A condition that is a serious threat to Tharu population in Nepal
Sickle Cell Disease
Suvecha Dahal, Senior Content Creator
Seventy-year-old Tharu woman Devani Devi Dagaura of Masuria village in Kailali visited local faith healers, looking for answers about the failing health of her children and grandchildren. It was only after a proper diagnosis in the local hospital, Devi was told her four children had sickle cell anemia.
Her youngest son Ramesh died because of the lack of timely diagnosis. He was only 32. She is now worried for her daughter-in-law, who is heavily in debt and has little resources to treat 12-year-old son Aayush who has also tested positive for the disease.
(Story credit: Center for Investigative Journalism)
Sickle cells in comparison to normal red blood cells.
What is sickle cell disease?
Sickle cell disease is an inherited blood disorder where the red blood cells are abnormally shaped like a ‘sickle’. Healthy red blood cells are round and move through blood vessels to provide oxygen to the body. However sickle cells are sickle shaped and stiff. This leads to restriction in blood flow and difficulty delivering oxygen to organs, leading to severe health consequences. Sickle cells also die early, leading to a further shortage of red blood cells in the body.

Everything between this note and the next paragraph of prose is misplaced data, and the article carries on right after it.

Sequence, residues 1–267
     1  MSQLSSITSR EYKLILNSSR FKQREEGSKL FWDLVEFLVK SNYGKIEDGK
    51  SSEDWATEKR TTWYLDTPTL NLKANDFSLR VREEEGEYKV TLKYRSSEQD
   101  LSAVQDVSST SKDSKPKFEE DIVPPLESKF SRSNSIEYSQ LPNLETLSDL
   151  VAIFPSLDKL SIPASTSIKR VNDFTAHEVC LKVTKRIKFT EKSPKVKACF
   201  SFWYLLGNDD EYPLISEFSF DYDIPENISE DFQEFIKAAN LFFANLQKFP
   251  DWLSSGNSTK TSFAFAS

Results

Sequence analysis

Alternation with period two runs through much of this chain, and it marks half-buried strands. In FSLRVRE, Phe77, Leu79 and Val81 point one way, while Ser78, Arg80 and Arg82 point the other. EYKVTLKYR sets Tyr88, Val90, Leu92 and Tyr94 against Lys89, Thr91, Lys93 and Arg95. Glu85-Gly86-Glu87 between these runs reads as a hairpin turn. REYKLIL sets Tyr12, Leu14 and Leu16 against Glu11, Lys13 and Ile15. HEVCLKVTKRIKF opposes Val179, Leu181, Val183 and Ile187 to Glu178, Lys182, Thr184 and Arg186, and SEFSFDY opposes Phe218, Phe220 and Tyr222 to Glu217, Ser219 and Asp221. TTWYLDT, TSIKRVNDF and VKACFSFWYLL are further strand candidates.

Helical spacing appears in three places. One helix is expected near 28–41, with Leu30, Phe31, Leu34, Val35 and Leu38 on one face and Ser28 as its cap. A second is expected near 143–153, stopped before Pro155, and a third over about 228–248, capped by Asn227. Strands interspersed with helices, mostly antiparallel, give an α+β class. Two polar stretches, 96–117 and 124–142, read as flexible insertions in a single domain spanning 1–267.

However not all sickle cell carriers develop the disease. 75% of children born to parents who are both with sickle cell carriers develop the condition and with one parent infected, the probability is 25%.
It is estimated that more than 10% of people from Tharu community in Nepal suffer from sickle cell disease.
Why is this important?
In Nepal, the first sickle cell disease diagnosis was in 2003. Until then the prevalence of the condition in Nepal was relatively unknown. Now it is estimated that more than 10% of people from the Tharu community in Nepal suffer from sickle cell disease. While the prevalence of the disease has been known to be highest among the Tharu community, it has also been known to affect people from Chaudhary, Lama, and Neupane communities. It is crucial to give further research and a closer look to the condition because it is usually misdiagnosed, people from highly prone communities are unaware of this condition and those who are diagnosed have limited access to treatment.
Highly prevalent in malaria prone areas
Interestingly the prevalence of sickle cell disease is higher in areas affected by malaria. The gene for sickle cell seems to provide its carrier with resistance against malaria. This means that over generations, sickle carriers prevail and the condition is routinely passed down through families. Some of those that inherit the condition then develop sickle cell disease. Similarly, SCD is common in parts of Africa where prevalence of malaria is higher. Tharus from Tarai notedly have sevenfold lower prevalence of malaria.
A baby in a Tharu household in Kapilvastu district in Nepal. Sickle cell screening for newborns in prone communities could help manage the prevalence of sickle cell disease.
What are the numbers?